Enhanced Cancer-Targeted Delivery Using Engineered High-Density Lipoprotein-Based Nanocarriers

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Abstract:

One of the greatest obstacles nanoscale drug delivery systems face is the high nonspecific uptake by the reticular endothelial system (RES). Currently, PEGylation is the method of choice to address this problem. Herein we introduce an engineered high density lipoprotein-based nanocarrier (eHDL) as an enhanced cancer-targeted delivery system. eHDLs are high-density lipoprotein (HDL)-like nanoparticles consisting of a tumor ligand-conjugated apoA-I scaffold capable of carrying versatile payloads of cancer diagnostics and therapeutics. Similar to native HDL, eHDLs are biocompatible, precisely controlled ultra small particles (∼10 nm) with RES mitigating properties. In this study, we describe the preparation and characterization of eHDL and confirm that incorporation of exogenous agents do not compromise the structural or functional integrity of the particle. We further demonstrate both in vitro and in vivo that eHDL can be efficiently targeted to cancer cells. Proof of the efficacy of this procedure was demonstrated using a proto-type near-infrared (NIR) fluorescent-labeled folate receptor-targeted eHDL. This eHDL displayed exceptional in vivo performance in tumor-bearing mice. High levels of the particles were selectively localized within the targeted tumor while minimal uptake by RES was detected. This study demonstrates that eHDL particles are highly efficient carriers that provide a viable non-PEGylated approach for addressing the non-specific uptake of most nanoparticle-based delivery systems.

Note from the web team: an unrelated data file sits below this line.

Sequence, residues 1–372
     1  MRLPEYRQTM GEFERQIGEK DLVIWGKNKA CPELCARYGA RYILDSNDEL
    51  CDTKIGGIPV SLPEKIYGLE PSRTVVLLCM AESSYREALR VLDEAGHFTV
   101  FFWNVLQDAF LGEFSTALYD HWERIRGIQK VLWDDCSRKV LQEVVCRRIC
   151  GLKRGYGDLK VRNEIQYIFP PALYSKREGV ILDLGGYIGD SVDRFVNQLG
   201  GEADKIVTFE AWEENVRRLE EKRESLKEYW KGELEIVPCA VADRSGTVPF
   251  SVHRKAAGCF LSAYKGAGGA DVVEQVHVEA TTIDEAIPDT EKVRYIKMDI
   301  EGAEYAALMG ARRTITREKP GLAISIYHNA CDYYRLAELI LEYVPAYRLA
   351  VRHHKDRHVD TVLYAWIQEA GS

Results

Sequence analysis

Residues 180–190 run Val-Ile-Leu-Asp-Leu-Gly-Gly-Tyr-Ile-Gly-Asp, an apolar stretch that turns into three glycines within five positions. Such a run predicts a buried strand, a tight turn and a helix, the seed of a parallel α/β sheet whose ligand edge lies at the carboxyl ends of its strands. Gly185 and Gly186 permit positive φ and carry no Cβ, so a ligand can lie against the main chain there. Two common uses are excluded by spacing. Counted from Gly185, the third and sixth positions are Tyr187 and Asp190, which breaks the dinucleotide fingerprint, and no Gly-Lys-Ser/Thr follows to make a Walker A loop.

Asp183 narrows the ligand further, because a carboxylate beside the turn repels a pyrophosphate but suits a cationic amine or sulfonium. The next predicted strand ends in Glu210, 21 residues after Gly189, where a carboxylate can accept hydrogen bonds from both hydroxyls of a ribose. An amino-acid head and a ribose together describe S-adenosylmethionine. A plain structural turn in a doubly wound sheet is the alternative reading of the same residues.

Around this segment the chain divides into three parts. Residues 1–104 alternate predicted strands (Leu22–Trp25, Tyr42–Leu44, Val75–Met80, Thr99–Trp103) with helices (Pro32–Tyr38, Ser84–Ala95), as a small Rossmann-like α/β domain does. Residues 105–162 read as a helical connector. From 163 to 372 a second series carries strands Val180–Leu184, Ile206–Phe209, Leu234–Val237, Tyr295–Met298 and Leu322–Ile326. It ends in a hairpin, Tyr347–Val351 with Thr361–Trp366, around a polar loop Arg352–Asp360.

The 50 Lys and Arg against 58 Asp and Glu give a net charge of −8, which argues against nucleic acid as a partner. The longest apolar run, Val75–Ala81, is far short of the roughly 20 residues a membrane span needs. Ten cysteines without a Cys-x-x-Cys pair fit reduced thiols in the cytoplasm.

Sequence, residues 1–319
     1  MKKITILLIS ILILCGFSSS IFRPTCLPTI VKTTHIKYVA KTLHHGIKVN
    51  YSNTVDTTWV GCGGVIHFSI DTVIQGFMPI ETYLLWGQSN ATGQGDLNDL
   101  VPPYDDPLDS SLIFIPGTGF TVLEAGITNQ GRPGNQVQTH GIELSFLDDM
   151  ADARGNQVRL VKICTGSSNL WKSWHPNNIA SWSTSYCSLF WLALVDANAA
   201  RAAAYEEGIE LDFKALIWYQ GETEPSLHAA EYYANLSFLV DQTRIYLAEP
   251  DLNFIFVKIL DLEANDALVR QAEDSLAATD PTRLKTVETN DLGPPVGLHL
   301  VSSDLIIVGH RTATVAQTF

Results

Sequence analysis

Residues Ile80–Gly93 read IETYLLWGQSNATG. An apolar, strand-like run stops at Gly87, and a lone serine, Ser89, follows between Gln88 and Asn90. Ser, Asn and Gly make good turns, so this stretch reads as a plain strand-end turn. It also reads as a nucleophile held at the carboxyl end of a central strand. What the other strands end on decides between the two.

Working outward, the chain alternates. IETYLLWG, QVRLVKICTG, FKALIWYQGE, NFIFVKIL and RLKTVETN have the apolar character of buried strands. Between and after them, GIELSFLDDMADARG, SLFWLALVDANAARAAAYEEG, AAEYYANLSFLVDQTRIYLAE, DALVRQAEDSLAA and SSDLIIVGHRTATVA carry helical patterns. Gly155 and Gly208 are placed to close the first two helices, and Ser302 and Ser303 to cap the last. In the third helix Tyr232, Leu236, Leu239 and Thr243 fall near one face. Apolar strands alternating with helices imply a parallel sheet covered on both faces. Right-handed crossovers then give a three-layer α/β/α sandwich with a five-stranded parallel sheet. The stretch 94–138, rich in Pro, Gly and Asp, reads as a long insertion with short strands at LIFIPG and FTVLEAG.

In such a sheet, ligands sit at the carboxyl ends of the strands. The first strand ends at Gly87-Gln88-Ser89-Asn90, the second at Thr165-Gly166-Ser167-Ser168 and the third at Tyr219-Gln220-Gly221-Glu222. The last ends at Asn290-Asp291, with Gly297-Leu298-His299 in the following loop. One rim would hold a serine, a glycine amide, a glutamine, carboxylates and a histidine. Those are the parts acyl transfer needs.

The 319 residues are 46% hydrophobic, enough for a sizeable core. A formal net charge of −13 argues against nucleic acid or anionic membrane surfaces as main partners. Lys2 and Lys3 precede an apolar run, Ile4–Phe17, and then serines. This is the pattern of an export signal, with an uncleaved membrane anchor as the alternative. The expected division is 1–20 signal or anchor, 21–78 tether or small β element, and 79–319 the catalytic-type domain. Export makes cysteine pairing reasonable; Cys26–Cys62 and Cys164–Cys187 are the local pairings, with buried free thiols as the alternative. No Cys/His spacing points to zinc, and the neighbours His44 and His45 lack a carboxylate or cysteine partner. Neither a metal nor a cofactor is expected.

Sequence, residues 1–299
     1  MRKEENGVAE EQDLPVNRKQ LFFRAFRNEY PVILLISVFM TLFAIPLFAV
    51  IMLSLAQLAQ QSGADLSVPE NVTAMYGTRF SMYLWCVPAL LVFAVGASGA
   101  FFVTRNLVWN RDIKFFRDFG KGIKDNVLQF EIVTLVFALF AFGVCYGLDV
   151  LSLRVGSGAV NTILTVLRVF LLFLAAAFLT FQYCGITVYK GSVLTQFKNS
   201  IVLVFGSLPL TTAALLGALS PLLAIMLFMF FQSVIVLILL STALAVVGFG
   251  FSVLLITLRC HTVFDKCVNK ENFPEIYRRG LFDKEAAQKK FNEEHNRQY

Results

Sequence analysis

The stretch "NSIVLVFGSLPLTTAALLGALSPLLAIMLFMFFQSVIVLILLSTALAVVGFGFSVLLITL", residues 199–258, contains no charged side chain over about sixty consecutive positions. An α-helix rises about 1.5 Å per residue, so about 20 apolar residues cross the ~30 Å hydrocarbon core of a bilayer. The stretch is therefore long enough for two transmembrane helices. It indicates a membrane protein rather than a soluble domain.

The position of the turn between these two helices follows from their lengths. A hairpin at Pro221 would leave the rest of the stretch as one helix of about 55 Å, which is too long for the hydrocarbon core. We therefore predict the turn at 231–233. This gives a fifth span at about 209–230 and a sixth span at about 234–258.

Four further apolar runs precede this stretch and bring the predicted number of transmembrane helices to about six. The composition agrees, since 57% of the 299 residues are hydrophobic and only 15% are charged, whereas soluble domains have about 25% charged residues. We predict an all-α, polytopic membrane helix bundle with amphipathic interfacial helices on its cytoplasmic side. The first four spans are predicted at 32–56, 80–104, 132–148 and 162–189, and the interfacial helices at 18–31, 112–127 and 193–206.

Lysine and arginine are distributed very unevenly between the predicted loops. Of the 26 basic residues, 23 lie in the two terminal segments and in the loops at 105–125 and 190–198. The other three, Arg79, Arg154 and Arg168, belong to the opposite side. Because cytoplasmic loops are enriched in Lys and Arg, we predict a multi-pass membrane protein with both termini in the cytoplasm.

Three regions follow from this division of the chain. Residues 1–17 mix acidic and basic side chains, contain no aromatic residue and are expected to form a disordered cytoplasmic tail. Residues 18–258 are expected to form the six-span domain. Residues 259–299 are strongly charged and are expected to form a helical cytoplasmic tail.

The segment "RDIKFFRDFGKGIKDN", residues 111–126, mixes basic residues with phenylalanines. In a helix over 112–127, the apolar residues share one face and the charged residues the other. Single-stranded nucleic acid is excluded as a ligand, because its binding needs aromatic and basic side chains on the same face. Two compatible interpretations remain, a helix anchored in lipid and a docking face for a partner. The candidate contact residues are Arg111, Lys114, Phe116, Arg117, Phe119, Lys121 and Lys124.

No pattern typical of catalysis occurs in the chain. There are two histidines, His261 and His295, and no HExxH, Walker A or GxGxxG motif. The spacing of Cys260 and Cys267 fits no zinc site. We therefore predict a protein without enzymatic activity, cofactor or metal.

Keywords: CANCER; LIPOPROTEIN; NANOPARTICLE; NEAR-INFRARED FLUORESCENCE IMAGING; RETICULAR ENDOTHELIAL SYSTEM

Document Type: Research Article

DOI: http://dx.doi.org/10.1166/jbn.2007.053

Publication date: December 1, 2007

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  • Journal of Biomedical Nanotechnology (JBN) is a peer-reviewed multidisciplinary journal providing broad coverage in all research areas focused on the applications of nanotechnology in medicine, drug delivery systems, infectious disease, biomedical sciences, biotechnology, and all other related fields of life sciences.
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